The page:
It was as if he knew I was coming and why and had tailored the sermon to me. Though it’s been too long to remember many of the specifics, and I was too inside of myself at the time to retain much of it anyway, the theme was self-love and being the person God made us to be. The Reverend said our obligation in life was not to question or worry about the path He laid out for us, but merely to walk it. Bible verses punctuated the Reverend's points. We sang familiar hymns and recited the Lord’s Prayer.
    What I do clearly remember the Reverend saying was this: that we are as He made us, and that our only obligation to Him is to stay true to ourselves.
        This was when I started to cry. If this was true, I was fucked, here and for eternity.
     I blotted my eyes with the arm of my sweater, crying silently so as not to attract attention. I’d heard the Reverend, but I wasn’t ready to listen. Against his advice, when we prayed, I begged God as I had a hundred times before to fix me, to make me normal, to free me, hoping that here, maybe, I might be heard.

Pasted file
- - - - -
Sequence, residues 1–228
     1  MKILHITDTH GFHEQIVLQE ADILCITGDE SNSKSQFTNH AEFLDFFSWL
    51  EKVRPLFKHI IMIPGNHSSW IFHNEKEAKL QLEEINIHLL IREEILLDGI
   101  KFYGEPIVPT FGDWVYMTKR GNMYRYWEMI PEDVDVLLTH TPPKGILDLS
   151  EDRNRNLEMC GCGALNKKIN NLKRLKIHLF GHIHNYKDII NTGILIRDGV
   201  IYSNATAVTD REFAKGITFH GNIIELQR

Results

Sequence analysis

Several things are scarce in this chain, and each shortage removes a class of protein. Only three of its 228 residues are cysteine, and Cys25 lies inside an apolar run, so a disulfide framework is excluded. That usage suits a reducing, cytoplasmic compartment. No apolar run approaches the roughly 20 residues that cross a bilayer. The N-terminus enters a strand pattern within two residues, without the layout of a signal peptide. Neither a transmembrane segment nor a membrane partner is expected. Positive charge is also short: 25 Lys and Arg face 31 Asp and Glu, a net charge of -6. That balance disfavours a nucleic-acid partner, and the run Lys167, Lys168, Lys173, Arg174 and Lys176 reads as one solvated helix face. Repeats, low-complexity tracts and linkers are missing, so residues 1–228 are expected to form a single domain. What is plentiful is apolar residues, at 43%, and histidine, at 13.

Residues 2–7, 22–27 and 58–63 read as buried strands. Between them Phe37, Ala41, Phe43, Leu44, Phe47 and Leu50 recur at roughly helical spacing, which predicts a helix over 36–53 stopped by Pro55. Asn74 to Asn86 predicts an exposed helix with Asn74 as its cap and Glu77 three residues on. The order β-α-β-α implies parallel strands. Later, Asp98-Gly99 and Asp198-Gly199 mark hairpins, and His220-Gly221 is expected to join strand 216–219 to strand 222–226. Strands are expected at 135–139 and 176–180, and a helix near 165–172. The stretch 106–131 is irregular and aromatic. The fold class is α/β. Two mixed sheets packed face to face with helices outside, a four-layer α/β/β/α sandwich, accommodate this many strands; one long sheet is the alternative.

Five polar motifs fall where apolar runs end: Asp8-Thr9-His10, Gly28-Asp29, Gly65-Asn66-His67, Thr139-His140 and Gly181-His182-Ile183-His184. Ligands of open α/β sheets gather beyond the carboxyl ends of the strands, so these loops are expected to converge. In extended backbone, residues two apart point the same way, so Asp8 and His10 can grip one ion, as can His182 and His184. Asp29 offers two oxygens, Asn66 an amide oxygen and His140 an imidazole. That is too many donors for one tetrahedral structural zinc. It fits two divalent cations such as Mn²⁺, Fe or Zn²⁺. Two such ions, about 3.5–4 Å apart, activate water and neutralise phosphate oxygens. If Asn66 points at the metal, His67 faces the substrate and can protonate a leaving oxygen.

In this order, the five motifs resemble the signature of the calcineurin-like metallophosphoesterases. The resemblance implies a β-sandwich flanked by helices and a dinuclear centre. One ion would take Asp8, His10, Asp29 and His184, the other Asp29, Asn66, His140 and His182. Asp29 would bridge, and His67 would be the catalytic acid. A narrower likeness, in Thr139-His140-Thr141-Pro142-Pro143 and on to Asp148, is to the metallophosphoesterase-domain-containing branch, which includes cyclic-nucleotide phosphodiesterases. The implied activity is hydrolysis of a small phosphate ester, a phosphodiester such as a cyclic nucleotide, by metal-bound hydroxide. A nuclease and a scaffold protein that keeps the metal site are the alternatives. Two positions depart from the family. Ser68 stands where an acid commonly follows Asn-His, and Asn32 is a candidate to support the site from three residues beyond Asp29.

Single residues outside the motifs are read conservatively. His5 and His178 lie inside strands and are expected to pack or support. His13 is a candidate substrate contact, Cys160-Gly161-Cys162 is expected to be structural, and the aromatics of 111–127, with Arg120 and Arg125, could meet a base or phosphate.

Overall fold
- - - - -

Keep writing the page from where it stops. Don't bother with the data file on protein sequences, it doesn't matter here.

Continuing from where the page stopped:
When the sermon ended, I felt even worse.

When I got home, I changed into my black yoga pants, which I’d told the Target cashier were a gift for my girlfriend, and a glittery t-shirt I told the cashier at McCarran International Airport was a souvenir for a different girlfriend.